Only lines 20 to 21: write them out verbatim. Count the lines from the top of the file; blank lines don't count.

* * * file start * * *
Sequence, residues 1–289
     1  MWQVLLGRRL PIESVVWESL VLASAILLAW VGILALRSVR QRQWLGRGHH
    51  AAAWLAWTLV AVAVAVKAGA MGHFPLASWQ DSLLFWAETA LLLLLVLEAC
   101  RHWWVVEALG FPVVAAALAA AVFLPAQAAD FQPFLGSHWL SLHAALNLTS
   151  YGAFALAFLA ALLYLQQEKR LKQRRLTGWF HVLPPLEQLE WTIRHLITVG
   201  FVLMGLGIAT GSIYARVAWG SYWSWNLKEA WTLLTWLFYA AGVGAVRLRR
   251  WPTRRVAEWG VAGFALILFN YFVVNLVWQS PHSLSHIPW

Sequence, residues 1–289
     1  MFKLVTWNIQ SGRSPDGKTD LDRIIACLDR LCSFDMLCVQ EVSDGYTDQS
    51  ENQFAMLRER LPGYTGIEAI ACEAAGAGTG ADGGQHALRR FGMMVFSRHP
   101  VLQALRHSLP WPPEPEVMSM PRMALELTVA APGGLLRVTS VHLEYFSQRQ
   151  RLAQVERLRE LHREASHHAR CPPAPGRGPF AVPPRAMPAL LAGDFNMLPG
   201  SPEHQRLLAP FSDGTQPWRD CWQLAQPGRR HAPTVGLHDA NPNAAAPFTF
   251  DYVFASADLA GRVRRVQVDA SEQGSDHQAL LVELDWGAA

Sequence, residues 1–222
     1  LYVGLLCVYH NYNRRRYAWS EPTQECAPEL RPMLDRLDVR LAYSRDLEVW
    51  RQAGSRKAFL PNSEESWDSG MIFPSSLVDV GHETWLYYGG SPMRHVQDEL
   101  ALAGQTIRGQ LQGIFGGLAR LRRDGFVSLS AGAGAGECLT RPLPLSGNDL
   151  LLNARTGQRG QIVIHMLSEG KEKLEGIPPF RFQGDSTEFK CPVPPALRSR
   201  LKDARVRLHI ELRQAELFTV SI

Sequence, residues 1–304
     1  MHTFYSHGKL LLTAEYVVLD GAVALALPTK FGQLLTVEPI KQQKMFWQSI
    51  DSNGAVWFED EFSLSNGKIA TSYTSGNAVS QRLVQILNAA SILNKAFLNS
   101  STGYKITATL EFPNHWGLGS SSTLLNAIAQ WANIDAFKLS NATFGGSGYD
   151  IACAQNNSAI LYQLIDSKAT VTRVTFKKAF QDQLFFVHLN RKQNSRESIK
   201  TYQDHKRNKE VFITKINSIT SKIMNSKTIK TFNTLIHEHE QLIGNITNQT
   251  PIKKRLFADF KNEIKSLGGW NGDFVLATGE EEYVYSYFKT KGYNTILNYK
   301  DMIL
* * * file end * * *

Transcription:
   201  LKDARVRLHI ELRQAELFTV SI

Sequence, residues 1–304